The Skin Clinic was one of the first clinics in the UK to introduce mole screening using computer-aided dermoscopy, an "intelligent" camera linked to a database of over 40,000 reference moles, which can photograph, analyse, score and save images of your moles. This technology means that abnormal moles can be detected quickly and any changes can be monitored. Computer-aided dermoscopy aids our clinicians in their analysis and is a useful tool for following-up visits when a mole is checked for possible changes.
Many moles can be in areas you cannot see yourself such as your back. At the Skin Clinic we can check a single mole, or you may prefer a full mole screen for complete peace of mind.
If you are worried about a particular mole you can of course ask your GP to check it, and some hospitals run special mole clinics, but at the moment there is no general screening programme in the UK for malignant melanoma.
How does dermoscopy work?
A dermascope is used to examine moles through a thin layer of liquid, and the result is a highly accurate assessment of what is going on immediately below the skin’s surface, far better than can be achieved by the naked eye or even using a powerful magnifying glass.
It takes our computer-aided dermoscopy seconds to calculate its own version of an ABCD score (the traditional method used by doctors, dermatologists and our clinicians) for each mole, although the dermascope’s analysis is based on ten times the number of parameters than the four-point ABCD method, making it much more reliable. With a little further input from our clinicians, an accurate screening can be carried out.
A risk score is provided for each mole examined. The maximum score is 10, and the higher the score, the more abnormal the mole.
Many moles which are apparently borderline within the normal screening method may, using the dermascope, be safely classified as benign, therefore reducing the number of unnecessary excisions and associated scarring. Furthermore, borderline cases can be screened again within a few weeks, leading to a further reduction in excisions, and less chance of missing a melanoma.
Although dermoscopy is statistically very accurate, like all medical screening systems, it will very occasionally be wrong.
It is possible (but unlikely) that it will show a malignant melanoma when there is none present, or fail to identify a malignant melanoma which is present.
The only known method of confirming the existence of malignant melanoma is by excision and histology (meaning laboratory analysis, the crucial step that differentiates "screening" from "diagnosis"). Malignant melanomas can develop at any time and the results of any one mole screening visit cannot be used to contradict previous results.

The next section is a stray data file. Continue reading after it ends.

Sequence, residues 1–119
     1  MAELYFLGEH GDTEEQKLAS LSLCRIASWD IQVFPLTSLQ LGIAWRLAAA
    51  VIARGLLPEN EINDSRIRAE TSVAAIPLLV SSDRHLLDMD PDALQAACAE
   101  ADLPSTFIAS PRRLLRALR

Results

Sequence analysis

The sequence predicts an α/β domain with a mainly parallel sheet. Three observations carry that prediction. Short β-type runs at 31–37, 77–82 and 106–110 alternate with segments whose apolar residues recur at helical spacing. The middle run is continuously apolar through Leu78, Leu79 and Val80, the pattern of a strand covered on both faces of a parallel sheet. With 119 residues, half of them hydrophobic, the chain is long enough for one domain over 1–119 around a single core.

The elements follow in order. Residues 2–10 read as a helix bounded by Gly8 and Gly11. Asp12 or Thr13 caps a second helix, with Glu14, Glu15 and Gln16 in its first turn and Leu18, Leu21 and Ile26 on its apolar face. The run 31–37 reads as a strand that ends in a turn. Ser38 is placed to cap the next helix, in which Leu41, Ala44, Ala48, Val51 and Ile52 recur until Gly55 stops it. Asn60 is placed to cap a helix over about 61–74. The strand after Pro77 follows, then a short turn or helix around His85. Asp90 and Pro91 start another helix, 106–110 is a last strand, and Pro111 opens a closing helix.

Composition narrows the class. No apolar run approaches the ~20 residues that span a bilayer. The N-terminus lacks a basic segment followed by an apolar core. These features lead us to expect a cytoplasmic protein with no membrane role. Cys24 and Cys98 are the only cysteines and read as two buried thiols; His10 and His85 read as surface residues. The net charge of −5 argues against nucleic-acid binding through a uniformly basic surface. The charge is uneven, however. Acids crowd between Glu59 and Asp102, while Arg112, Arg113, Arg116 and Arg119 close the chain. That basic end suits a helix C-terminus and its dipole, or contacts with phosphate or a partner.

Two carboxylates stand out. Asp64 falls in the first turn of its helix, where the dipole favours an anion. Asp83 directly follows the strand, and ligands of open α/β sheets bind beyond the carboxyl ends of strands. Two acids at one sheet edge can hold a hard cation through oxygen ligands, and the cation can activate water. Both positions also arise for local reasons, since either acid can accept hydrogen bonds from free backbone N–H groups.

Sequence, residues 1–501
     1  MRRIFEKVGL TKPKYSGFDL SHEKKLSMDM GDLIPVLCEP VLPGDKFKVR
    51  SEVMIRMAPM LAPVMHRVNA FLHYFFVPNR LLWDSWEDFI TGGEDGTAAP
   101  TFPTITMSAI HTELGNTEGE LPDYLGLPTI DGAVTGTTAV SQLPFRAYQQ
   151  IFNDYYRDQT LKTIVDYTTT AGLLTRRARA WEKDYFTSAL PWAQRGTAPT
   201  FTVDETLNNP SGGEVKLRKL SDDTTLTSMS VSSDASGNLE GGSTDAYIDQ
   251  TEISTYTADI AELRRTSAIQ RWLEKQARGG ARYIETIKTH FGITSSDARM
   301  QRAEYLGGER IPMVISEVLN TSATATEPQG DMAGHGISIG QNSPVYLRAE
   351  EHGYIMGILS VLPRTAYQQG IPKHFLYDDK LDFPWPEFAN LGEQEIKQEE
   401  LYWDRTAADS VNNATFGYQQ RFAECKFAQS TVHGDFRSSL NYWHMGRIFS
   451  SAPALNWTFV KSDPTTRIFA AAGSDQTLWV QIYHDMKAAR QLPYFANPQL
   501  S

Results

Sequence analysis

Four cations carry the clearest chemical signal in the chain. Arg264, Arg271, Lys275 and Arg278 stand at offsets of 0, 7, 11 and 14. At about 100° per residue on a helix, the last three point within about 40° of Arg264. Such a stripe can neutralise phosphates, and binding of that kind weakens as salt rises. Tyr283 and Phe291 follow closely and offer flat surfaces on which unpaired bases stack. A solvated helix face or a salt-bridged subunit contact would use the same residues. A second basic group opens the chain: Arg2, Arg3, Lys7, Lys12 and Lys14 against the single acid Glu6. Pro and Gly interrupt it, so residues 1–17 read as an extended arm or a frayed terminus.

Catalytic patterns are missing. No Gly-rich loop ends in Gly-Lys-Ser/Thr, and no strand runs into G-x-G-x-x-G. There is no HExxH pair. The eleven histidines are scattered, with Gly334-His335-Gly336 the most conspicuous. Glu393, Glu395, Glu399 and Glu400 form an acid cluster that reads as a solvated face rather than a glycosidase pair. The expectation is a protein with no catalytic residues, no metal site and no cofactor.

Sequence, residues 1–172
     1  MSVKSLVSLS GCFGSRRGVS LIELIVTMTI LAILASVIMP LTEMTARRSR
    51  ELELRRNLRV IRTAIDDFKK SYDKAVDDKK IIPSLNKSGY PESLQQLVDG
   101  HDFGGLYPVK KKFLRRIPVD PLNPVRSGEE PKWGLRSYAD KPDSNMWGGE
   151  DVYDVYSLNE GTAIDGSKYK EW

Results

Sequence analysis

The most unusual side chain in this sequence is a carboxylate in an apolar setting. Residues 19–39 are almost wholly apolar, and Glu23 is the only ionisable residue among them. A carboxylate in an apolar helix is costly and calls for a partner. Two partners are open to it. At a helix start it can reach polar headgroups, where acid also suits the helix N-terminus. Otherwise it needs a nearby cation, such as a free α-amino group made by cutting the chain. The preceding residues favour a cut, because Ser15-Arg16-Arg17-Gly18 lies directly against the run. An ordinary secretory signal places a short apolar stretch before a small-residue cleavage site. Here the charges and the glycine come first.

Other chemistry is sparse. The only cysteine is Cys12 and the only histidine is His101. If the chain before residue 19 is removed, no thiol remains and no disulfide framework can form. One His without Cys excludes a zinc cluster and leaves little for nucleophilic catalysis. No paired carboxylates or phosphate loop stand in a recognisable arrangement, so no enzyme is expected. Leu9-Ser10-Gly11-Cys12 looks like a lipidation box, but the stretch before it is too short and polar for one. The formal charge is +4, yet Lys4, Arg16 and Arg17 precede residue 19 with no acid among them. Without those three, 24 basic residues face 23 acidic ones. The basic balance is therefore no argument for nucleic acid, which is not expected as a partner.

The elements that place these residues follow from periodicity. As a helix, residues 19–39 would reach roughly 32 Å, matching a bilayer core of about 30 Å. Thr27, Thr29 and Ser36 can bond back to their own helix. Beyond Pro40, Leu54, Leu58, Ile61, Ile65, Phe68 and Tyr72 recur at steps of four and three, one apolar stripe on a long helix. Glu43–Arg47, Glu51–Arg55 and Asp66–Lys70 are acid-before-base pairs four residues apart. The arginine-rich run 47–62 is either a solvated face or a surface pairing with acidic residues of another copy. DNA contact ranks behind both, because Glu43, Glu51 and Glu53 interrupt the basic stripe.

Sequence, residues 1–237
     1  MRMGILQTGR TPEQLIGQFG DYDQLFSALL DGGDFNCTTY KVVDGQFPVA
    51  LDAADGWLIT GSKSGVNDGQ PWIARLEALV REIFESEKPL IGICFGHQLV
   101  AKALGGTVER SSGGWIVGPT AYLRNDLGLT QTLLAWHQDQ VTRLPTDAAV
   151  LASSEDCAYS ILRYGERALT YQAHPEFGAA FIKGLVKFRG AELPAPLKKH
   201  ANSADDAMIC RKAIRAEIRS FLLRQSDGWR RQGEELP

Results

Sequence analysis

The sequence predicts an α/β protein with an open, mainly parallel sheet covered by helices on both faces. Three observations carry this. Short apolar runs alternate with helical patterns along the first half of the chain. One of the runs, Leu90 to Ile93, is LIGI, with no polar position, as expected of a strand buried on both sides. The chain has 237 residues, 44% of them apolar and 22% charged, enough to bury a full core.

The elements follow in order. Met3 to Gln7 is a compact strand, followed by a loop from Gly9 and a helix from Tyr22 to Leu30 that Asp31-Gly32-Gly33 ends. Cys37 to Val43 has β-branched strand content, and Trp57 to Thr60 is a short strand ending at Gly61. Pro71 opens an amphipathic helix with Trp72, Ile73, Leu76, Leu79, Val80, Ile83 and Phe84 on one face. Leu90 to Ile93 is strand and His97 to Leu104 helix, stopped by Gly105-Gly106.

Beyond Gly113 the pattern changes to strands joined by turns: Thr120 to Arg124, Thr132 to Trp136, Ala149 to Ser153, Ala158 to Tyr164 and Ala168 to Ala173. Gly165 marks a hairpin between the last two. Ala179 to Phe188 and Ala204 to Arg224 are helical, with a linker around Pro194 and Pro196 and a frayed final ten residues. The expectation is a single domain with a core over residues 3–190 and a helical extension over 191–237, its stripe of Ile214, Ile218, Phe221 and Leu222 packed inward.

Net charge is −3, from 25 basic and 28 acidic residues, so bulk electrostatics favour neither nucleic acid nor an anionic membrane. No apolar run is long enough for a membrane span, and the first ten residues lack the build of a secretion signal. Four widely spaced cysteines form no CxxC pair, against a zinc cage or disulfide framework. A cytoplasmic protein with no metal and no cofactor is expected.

Dermoscopy scores only apply to possible melanomas and do not address the other less dangerous forms of skin cancer.
However, a visual inspection at the Skin Clinic and images taken with a dermascope can also be the first step in identifying more common conditions.
During your mole screening visit we go through a questionnaire with you to see if you are at a higher risk, assessing variables such as your age, family history, skin type, whether you have been badly sunburned at some stage (especially when young) and how many moles you have. If you are at a higher risk, we suggest you are screened annually.
If we find an abnormal or potentially dangerous mole, we can send your results to your GP, or if you would prefer, we can refer you to an independent dermatologist. We recommend that any borderline cases should be re-examined within three to six months.
By comparing two images taken at different times, and stored electronically, the dermascope can screen for small changes which would not be apparent without this technology.
Mole screening is a non-invasive and completely safe procedure.
Who will carry out my screening?
Your mole screening will be carried out by one of our specially trained clinicians. If appropriate, your results will be referred to our medical director, a practising GP. He can then refer you to a dermatologist, if appropriate.
How will information be stored?
We will create a confidential personal electronic file for you. This will include any personal details you give us and the digital images from your screening. Your file will be retained for five years after your most recent visit, so that if you return within that time for regular screening, the dermascope can check for any changes.
Can I be screened if I am pregnant or breastfeeding?
Yes. In fact, some researchers believe that it is useful to be screened during pregnancy as your pigmentation is particularly susceptible to change at this time.
Should I be worried if my child also has moles?
Malignant melanoma is very rare in children, but not unheard of. We only recommend screening children if there is a strong family history of melanoma, or if you are worried about a new or changing mole. However, high incidences of sunburn increase the risk of skin cancer in later life, so careful, high factor broad spectrum (UVA and UVB) sun protection, minimum SPF 30, is recommended at all times for all ages.
Can I visit the Skin Clinic under the NHS?
No. The Skin Clinic is a private company and charges for mole screening services.
Do I need to be referred to the Skin Clinic by my GP?
No. The Skin Clinic may be recommended by your GP, or you can also contact us directly.